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50 Shades of Beige: Why?

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You'll be relieved/sickened to know I've finished reading 50 Shades of Grey. I'm genuinely fascinated by this book's appeal because it's appalling. But lots of people (including cool, urbane sophisticates like me) are talking about it and even more people have really enjoyed the book(s).

Once I stop to think about that - and once I've stopped laughing - I have one question and one question only:

WHY??

Reader, I have theories.

1) Women like porn and they like talking about liking porn. They like giggling over the rude bits - I've heard them in Costa! - and they bond when they talk about it. Women are discovering that sexuality is a thing to be openly discussed/read. Judging by the enthusiasm with which I've heard women of all ages talking about 50 Shades, it's enabled them to talk about sex in a way they haven't before. (Or at least, they've never talked about it when I've been with them). I hate this phrase but it appears that through erotica like this, women genuinely feel a sense of 'empowerment.'

2) However poorly written, the book articulates female desire in a way that 'Confessions of a Shopaholic' just doesn't. It talks about what the heroine Ana wants, imagines and experiences sexually in explicit (albeit gratingly repetitive) scenes. Women can allow themselves to be turned on by written erotica in a way they can't with visual porn. Reading a rude bit in a book isn't the same as watching some drugged up tart getting banged twos up by a couple of midgets in a porn movie. (Just to be clear, I've never seen a porn film like that. I'm merely speculating on potential subject matter). Unlike a porn film, written erotica isn't exploitative so women can enjoy it with a clearer conscience than they otherwise might.

3) It talks about spanking. Maybe the BDSM thing gives the book a 'naughtier' edge? Perhaps darker fantasies involving dominance and submission speak to women on a deep level? I dunno - I'm theorising. I'm the kind of woman who thinks role play is the kind of thing you do on a customer care course. But surely spanking's got to contribute to the book's success, hasn't it?

4) Christian is a highly appealing fantasy figure. Personally, I couldn't stand the berk but women obviously love this character. Arrogant, supercilious and murmuring he really got on my tits - and not in a good way. He's an emotionally damaged billionaire with control issues - I imagine women want to serve and mother him at the same time. Like most (all?) romantic heroes, he's dark, brooding, misunderstood and seemingly unreachable. As an equivalent, imagine Emily Bronte's craggy Heathcliffe as a mega-rich sheep hustler, trying to spank Cathy every five minutes. As a literary formula, what's not to love?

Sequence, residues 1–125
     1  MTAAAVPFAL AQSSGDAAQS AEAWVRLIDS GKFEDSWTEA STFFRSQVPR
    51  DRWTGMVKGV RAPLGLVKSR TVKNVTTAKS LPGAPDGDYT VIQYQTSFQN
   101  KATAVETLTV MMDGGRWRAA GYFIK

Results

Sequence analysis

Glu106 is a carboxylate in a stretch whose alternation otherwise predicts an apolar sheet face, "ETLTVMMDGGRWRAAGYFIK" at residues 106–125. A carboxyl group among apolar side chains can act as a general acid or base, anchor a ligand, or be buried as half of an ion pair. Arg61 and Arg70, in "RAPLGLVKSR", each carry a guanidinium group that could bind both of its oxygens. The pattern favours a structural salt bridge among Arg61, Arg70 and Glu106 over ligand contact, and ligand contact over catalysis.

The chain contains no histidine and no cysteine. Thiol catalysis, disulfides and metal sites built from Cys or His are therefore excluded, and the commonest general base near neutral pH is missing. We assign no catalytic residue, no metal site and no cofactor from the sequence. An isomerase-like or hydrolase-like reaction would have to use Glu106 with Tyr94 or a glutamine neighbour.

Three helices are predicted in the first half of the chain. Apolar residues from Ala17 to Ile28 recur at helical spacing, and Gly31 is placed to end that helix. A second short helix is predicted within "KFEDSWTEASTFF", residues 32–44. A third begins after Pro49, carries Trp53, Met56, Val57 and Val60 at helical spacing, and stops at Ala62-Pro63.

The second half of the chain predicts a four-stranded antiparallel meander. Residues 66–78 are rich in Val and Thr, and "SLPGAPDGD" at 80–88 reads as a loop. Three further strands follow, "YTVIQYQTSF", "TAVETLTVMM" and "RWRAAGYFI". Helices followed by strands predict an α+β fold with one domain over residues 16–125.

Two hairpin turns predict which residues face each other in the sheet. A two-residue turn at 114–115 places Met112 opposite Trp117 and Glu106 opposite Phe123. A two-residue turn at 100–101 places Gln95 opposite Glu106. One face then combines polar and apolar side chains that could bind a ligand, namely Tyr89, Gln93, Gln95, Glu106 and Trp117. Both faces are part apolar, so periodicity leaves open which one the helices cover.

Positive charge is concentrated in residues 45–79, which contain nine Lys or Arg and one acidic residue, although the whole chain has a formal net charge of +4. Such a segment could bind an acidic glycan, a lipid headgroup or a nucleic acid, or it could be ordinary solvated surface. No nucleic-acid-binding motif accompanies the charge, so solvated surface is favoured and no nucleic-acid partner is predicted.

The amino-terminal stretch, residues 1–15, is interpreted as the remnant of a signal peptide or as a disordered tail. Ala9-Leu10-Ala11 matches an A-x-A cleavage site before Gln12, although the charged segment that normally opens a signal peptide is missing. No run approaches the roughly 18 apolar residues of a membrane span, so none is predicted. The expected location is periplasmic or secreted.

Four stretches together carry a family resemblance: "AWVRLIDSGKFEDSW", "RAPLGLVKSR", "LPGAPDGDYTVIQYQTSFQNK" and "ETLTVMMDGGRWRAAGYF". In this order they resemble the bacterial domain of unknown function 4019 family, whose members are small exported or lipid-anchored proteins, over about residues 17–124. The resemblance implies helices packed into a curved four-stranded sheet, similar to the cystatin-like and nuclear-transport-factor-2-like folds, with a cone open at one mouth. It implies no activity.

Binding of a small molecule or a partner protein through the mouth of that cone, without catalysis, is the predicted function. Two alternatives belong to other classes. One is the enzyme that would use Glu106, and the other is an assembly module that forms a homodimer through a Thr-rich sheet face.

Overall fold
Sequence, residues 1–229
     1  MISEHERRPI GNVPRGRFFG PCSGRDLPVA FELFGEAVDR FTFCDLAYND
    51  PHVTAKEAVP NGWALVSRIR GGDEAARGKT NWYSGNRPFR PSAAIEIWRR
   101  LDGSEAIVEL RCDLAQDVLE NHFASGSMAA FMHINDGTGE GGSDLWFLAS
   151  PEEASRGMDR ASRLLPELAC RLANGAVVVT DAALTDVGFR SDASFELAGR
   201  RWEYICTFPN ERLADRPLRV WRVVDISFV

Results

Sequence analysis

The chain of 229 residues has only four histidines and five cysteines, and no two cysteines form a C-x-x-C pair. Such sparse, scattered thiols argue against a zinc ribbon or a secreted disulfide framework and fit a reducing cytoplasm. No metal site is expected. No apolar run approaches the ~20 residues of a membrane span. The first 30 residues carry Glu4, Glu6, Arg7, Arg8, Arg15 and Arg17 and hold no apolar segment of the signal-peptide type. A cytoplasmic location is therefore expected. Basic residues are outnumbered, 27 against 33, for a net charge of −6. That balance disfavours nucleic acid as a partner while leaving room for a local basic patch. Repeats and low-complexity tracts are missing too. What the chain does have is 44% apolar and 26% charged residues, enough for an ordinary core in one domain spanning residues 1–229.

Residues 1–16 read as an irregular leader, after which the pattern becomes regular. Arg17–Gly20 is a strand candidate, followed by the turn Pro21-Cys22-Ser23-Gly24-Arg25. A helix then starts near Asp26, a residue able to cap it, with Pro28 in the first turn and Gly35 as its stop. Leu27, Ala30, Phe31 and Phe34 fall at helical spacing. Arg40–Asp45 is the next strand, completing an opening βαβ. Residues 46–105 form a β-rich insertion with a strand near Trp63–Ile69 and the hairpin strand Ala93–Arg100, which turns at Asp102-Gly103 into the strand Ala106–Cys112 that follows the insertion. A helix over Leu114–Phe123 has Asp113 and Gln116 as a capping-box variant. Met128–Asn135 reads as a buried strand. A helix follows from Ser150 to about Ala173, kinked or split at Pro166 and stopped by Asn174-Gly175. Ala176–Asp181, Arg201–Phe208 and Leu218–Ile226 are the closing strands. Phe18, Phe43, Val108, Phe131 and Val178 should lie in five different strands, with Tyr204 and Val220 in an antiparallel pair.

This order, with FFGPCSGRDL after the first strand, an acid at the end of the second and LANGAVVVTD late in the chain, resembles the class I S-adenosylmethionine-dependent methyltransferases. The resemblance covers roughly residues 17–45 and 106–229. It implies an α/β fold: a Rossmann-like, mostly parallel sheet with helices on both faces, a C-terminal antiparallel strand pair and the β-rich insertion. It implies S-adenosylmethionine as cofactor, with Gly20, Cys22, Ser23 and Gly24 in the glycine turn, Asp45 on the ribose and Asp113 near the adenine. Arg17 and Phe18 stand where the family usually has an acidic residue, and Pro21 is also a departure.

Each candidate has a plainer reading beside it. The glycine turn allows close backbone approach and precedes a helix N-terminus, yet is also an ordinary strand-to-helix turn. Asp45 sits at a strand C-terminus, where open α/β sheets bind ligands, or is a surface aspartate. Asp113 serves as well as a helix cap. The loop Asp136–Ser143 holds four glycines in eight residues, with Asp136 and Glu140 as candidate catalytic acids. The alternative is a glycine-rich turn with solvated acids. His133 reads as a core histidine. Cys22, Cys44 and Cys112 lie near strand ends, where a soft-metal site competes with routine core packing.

5) Women use the book to explore their own imaginations. This gives women 'permission' to smuggle their own fantasies into their daily lives, find their boundaries and seek ways to express what tickles their fancy.

Adultshop.com, one of Australia's largest sex toy retailer, has said sales across the board were up an average 40% on last year. Sales of some toys and accessories - particularly those featured in the trilogy - have jumped by as much as 80% since the books came out.

At Babeland, an adult store in New York, sales of kinky products are up nearly 30% in the last few months and visits to the bondage section of their Web site have spiked by a spanking great 81%, reports the New York Post.

And it's not just sex stores benefiting from the buzz, but hardware stores (and in this case "hardware" simply means hardware) are also selling to a new class of customer -- women fresh from reading the books seeking out soft cotton 'bondage' rope. (I went to Homebase a couple of weeks ago for some WD40 but I haven't used it as a sexual lubricant - I had a squeaky hinge). Meanwhile, the uber conservative Brooks Brothers men's clothiers are capitalizing on their abruptly popular eight shades of grey neck ties.

If women are prepared to spend their hard (yes - harder, no - HARDER) earned cash on sex toys during the worst global economic downturn in human history, it suggests they're desperate to get their kicks. Maybe the 50 Shades phenomenon is so big BECAUSE of the global economic downturn - maybe women are feeling so damn pissed off with life they're more up for a bit of the other because everything else is so bloody depressing. Maybe against the backdrop of redundancy, penury and fear, reading a mucky book is just the kind of escapism women need right now.

Incredibly, 50 Shades Of Grey and the other two books in the trilogy have collectively sold more than 1.5 million copies in the past 15 weeks, obliterating the speed of sale of past blockbusters like the Harry Potter franchise and The Da Vinci Code.

Apparently, most buyers are middle aged women.

*short pause while that rather embarrassing fact sinks in*

For me, I thought the book was one of the most badly written piles of shite I've ever read. I didn't find it sexy but then again, I find James May quite sexy so that tells you a lot about my personal taste. But it can't be denied that people love this book and it's a huge commercial success - something every writer longs for, no matter how snobby they might say they are about "selling out" to go "mainstream." So hats (and pants off) to E L James.

Betcha sales of AA batteries have gone up as well...

(Just to point out, I'm not sure if sex toys require AA batteries. That was just a wild stab in the dark...)